Original Question

Consider an infinite tree of constant degree $k$. For such a tree we can consider the total number of nodes at depth $n$, $g(f)$, and the total number of paths from the root, $p(f)$, to be a function of the constant function, $f=k$. We define $G(f)$ to be the resulting infinite tree. Now let us generalize this idea to functions $f(n)$, with the normal convention that the root has depth $n=0$.

Some examples:

$G(1)$ is the infinite tree (path) of constant degree 1

$g(2) = 2^n$
$p(2) = 2^{n+1}-1$
$G(2)$ is the infinite complete binary tree

$g(a) = a^n$
$p(a) = \frac{a^{n+1}-1}{(a-1)}$ for a>1
$G(a)$ is the infinite complete tree of constant degree a

$g(f=n) = n!$
$p(f=n) = !n$
$G(f=n)$ is the infinite complete tree of incremental degree


where !! is the double-factorial

where !!! is the triple-factorial

$g(f=n^2) = n!^2$

$g(f=n^a) = n!^a$

$g(f=an^b) = a^{n}n!^b$ ; Sequences not in Sloan for a>1

$g(f=n^2+n+1)$ = ? ; Related to absolute values for Sloan A130031
$p(f=n^2+n+1)$ = ? ; Sequence: [1, 2, 7, 62, 1107, 31412, 1273917, ... ]


$p(f=2^n)= ?$ ; Sequence: [1,3,11,75,1099,33867, .... ]


$g (f=n!)$ = Sloan A000178

$g (f=2n!)$ = ? ; Related to Sloan A156926. Sequence: [1,2,8,96,4608,1105920,....]
$p (f=2n!)$ = ? ; Sequence: [1,3,11,107,4715,....]

$g (f=3n!)$ = ? ; Sequence: [1,3,18,324,23328,8398080,....]
$p (f=3n!)$ = ? ; Sequence: [1,4,22,346, 23674, 8421754,....]

$g(f=a^{a^n})= a^{a^{n+1}-a(3^n + 1)/2}$

My questions are: is this graph construction well known? I would be interested in any references to similar functional transformations on graphs.

Also, could anyone tell me what is the cardinality of the set of all paths in G(f=n)? Clearly it has at least Continuum cardinality. Since the factorial grows faster than $a^n$, yet slower than $2^{2^n}$, I would think it lands in the Continuum. I am not sure, though...


We can express p and g as functional equations:

$g(f(n))=f(n) g(f(n-1))$


$p(f(n))=\sum_{i=1}^{n} g(f(i))$

If we extend to the complex domain and consider the special case f(z)=z we have the functional equation:

$g(z)= z g(z-1)$

Which has the rather well known solution $g(z) = \Gamma (z+1)$

  • $\begingroup$ What exactly do you mean by "total number of paths from the root"? $\endgroup$ – Stefan Geschke Sep 29 '10 at 8:03
  • $\begingroup$ I mean the cardinality of the set of all paths from the root. For example, a complete binary tree of depth 2, has 7 paths from the root. One of length zero, Two of length 1, and 4 of length 2. $\endgroup$ – Halfdan Faber Sep 29 '10 at 8:22
  • $\begingroup$ Surely the tag 'fa.functional-analysis' is inappropriate here? I'm not sure that I have enough rep to change it. $\endgroup$ – Philip Brooker Sep 29 '10 at 18:09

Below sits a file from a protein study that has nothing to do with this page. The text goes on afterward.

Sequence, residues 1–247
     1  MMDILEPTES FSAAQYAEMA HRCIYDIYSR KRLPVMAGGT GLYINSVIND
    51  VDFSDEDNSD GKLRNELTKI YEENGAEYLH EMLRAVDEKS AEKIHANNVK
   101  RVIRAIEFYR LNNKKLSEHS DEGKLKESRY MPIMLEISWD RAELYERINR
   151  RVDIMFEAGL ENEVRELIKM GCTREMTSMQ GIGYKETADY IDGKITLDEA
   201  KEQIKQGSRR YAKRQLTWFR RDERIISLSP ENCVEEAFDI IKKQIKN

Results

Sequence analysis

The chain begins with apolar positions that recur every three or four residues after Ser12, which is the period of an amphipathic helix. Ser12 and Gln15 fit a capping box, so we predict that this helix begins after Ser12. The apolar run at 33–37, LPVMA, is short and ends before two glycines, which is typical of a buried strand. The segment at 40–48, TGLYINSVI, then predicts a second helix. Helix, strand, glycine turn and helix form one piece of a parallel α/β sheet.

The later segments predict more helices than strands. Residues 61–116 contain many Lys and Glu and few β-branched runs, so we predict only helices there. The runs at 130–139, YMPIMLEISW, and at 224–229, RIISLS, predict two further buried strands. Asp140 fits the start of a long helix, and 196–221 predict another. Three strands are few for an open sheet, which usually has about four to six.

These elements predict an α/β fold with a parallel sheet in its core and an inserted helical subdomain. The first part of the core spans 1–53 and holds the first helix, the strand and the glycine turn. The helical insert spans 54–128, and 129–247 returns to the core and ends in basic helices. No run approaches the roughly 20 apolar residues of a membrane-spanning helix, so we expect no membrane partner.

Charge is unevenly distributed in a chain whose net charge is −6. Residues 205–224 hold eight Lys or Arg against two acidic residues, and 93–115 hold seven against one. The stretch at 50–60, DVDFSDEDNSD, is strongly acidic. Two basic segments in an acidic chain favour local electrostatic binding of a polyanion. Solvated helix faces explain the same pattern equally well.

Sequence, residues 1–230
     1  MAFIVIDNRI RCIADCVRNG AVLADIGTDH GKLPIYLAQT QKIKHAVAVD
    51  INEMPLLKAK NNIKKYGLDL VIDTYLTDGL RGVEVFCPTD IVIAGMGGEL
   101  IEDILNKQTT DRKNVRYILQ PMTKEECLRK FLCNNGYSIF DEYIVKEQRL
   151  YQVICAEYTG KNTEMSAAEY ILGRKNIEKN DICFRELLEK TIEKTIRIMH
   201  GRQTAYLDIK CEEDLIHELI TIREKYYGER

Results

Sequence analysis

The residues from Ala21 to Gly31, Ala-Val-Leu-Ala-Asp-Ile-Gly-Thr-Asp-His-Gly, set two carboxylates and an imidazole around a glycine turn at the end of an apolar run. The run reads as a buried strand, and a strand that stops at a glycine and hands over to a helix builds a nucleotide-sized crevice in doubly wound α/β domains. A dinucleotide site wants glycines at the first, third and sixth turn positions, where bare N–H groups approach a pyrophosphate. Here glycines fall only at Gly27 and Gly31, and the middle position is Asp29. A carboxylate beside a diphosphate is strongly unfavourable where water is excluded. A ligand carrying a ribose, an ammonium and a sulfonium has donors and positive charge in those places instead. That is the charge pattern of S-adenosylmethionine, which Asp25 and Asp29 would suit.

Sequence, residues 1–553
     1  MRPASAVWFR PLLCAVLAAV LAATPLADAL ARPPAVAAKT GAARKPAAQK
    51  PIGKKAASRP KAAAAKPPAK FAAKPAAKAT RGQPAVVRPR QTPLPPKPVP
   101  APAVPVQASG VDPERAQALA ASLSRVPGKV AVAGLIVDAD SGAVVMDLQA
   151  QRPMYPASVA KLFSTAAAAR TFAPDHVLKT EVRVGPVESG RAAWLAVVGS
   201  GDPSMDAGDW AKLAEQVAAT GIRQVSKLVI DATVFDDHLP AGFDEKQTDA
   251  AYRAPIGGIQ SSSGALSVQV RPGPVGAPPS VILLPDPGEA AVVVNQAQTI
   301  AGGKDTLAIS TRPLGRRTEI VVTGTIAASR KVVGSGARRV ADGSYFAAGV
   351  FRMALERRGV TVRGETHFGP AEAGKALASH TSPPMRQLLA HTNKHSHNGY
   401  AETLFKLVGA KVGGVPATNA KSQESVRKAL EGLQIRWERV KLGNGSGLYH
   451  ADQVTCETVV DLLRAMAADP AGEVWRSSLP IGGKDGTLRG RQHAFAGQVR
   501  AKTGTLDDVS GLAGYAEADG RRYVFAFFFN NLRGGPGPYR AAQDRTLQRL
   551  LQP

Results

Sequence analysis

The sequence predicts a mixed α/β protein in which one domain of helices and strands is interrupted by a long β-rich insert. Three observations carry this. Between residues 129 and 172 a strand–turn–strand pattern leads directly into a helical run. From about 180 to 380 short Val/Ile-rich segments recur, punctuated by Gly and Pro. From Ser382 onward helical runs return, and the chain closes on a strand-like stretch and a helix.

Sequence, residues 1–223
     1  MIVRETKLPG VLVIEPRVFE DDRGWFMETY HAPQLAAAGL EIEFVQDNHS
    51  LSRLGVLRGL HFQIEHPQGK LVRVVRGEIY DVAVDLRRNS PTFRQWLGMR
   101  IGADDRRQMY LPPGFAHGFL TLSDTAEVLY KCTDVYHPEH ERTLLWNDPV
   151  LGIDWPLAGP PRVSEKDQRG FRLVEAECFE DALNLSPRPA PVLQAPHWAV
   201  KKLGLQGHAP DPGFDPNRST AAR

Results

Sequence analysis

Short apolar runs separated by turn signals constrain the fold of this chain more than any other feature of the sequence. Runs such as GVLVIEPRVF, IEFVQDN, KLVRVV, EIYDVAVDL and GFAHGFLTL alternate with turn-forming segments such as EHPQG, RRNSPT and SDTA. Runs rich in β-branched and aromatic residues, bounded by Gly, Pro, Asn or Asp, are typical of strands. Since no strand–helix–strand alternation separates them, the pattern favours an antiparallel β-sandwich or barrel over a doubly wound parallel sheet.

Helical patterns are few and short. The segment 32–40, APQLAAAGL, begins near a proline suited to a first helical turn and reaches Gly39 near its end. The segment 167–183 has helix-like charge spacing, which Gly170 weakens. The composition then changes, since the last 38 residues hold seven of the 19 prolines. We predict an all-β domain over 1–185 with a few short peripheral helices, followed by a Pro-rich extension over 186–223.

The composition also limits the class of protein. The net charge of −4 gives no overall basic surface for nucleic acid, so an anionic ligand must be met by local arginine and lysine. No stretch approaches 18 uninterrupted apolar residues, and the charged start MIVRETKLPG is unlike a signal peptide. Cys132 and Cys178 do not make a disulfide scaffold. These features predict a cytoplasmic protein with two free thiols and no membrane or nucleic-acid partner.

• $\begingroup$ I agree with Philip. Detagging. $\endgroup$ – Yemon Choi Sep 29 '10 at 18:15
  • $\begingroup$ I have added a number of example transforms, since the original question. I expected g(f) to "monotonously" map to functions of higher order of growth. This appears to not be the case, as exponential functions are mapped into exponential functions. I suspect g has a non-trivial fixed point function, f*, of exponential order. At this point I only know the trivial fix point f=1. $\endgroup$ – Halfdan Faber Sep 30 '10 at 6:43

You ask for the size of $G(f)$. This tree is always countable, i.e., its set of nodes is countable. My guess is that you are really asking about is the number of branches (maximal chains). If every node has a node above it that has at least 2 immediate successors, then the number of branches is $2^{\aleph_0}$.
If the tree has too few nodes with at least two immediate succesors, then there are only countably many branches. Any number of branches between $\aleph_0$ and $2^{\aleph_0}$ is impossible (this is essentially the Cantor-Bendixson theorem).

Here I should add that I view the tree as a partial order. The root is the smallest element, all its neighbors are above the root and incomparable and so on.

This construction of trees comes up in set theory quite a lot, especially in forcing ($a$-Sacks forcing is forcing with subtrees of $G(f=a)$ ($a$ constant) in which every node has a node above it that has exactly $a$ immediate successors. The tree of incremental degree give rise to a forcing notion that I called Miller lite forcing in [A dual open coloring axiom, Annals of Pure and Applied Logic 140 (2006), 40-51], which can be found here.) But I have never seen your computations.

  • $\begingroup$ Thanks much, Prof. Geschke. Yes, I did mean the cardinality of the set of all paths (i.e. partial or complete paths). $\endgroup$ – Halfdan Faber Sep 29 '10 at 8:29

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